It was in these unenlightened days that the unfortunayte inmates of some asylums were exhibited to the idle curious, who paid an admission fee to watch their terrible frenzied contortions. The reformation of this unnatural  system was commenced in France by M. Phillippe Pinel, a benevolent physician. In this country a parliamentary enquiry, in 1815, into thwe barbarities practised in the treatment of the insane led to a slow and steady improvement. The general management of the asylums has been brought into harmony with humanity and common sense. Private asylums, which were formerly the scenes of grave scandals, are now under proper supervision. The various county institutions are fully equipped for the rational treatment of those mentally afflicted. Handsome buildings in spacious grounds have been provided, the inmates living under comfortable conditions, amidst artistic surroundings, whilst they wre givena sense of freedom as far as is compatible with saftey. Every opportunity is afforded, by means of healthy outdoor occupations and skilled attention, for the return to sanity and self control, especially in the early stages of brain failure. Farm work and gardening are found to be very useful in many casees, whilst every facility is provided in the way of recreation both summer and winter. The institutions have come to be regarded more in the nature of mind hospitals than houses of detention; in fact, in some counties the title “asylum” has been altogether abolished. Every care is also taken that only really insane people are deprived of their liberty. The principle central supervision  over the asylums in England and Wales is vested in the Lord Chancellor, and in the Commissioners of Lunacy, appointed by him. The Commissioners inspect all establishments to see that the regulations for the welfare of he patients are properly framed and administered. They investigate complaints made by patients, and have the power to grant discharges. A lunatic can be placed under restraint either under a reception order or by inquisition. A reception order is made by a Justice of the Peace on petition or on a summary process. A lunatic may be detained in a workhouse or an asylum for fourteen days on the certificate of the medical officer. For a permanent detention, an order of the Justice of the Peace is required. Inquisitions are practically held only when the patients have considerable property.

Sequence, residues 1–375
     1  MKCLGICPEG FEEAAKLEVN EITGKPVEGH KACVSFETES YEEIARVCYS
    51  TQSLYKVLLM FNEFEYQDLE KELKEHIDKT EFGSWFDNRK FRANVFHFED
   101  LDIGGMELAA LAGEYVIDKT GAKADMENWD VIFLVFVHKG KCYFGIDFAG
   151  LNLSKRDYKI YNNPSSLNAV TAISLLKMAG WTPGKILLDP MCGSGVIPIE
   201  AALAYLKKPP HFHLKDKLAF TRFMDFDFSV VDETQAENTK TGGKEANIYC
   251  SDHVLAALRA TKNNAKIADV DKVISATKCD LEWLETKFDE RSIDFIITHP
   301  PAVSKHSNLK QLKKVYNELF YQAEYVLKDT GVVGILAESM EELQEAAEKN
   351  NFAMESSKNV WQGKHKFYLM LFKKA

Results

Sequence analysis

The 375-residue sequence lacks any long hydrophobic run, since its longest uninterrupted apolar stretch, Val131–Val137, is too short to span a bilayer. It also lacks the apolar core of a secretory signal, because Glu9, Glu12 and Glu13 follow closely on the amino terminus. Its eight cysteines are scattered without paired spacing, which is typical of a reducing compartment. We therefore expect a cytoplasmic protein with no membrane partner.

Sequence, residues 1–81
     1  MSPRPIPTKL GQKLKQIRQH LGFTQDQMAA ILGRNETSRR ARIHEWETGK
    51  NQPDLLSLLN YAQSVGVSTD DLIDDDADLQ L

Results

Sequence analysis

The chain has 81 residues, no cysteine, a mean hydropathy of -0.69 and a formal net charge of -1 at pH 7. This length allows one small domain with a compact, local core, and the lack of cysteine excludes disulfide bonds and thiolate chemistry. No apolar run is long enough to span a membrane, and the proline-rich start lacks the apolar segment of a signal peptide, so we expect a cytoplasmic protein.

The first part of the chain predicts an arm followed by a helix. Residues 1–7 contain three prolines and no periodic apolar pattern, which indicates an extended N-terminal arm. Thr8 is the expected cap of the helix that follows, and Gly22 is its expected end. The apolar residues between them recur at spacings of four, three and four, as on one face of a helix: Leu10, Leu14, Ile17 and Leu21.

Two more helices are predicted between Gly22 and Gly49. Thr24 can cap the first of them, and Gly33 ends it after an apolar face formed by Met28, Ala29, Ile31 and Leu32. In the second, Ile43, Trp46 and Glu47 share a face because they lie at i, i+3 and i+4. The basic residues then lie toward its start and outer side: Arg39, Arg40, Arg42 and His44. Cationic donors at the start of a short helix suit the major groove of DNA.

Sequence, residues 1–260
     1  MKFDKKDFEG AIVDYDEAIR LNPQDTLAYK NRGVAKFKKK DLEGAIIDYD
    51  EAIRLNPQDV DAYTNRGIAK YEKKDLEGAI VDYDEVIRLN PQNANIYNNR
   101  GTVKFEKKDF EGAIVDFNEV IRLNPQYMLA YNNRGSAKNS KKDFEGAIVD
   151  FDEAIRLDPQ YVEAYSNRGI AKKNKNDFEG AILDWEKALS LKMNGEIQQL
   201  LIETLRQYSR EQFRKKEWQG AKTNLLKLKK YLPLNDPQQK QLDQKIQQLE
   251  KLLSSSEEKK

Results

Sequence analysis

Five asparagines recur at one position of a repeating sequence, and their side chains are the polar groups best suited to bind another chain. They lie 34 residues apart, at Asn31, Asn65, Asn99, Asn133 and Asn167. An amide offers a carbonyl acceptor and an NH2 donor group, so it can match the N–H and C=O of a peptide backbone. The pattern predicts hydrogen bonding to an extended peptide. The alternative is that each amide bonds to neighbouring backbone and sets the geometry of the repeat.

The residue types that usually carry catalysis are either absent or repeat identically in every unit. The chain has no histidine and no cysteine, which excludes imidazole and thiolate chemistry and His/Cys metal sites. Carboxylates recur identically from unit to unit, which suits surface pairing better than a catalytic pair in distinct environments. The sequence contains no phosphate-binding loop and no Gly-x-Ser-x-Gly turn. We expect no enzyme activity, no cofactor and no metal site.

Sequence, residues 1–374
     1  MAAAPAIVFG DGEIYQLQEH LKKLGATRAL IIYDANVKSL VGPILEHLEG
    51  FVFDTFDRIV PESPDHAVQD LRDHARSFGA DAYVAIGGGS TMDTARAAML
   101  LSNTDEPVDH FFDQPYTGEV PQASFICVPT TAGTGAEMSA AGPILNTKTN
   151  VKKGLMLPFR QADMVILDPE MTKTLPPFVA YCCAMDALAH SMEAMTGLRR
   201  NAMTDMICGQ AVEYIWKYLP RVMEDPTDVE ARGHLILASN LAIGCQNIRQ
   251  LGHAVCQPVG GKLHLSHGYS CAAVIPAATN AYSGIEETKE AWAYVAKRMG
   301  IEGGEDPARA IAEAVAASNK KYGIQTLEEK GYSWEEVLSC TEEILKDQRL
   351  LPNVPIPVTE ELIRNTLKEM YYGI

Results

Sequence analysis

Figures show that the number of certified lunatics is increasing in this country to an extent that must cause anxiety. In fifteen yearsthe percentage per 10.000 of the population rose from 30.3 to 35.7. Although the statistics in recent years show an increase in the number of inmates, this is partly due to  the fact that many of the feeble-minded who were formerly placed in workhouses are now sent to the asylums to relieve the local rates. Owing to the improved  conditrions, the public have less apprehension in allowing their relatives to be sent to these institutions. Other important factors are the large proportion of  incurables among the admissions; also the difficulty of obtaining homes  for the cases of more favourable types when they have partially recovered. As a rule their friends are too poor to make provision for them. With this great growth, the public mind has been directed to dealing with it at the two extremities. In Scotland something is done  by means of homes for preliminary cases. In some cases where the mental weakness is due to overwork or temporary worries, the sufferer is saved from the stigma of asylum detention. The large percentage of relapses has led a philanthropist to endeavour to relieve the situation by anither direction, and that is by the after care of the patients who have recovered, but are not entirely competent to resume the battle of life. This method of dealing with the difficulty is likely to be extended, as it  is receiving the enthusiastic support of sociologists.

Extract taken from the 1911 District Handbook Ratepayers’ Guide and Almanack for Bowes Park, Palmers Green, Southgate, Winchmore Hill and New Southgate
Submitted by Anthea Greenaway


Page updated March 12, 2008 by Rossbret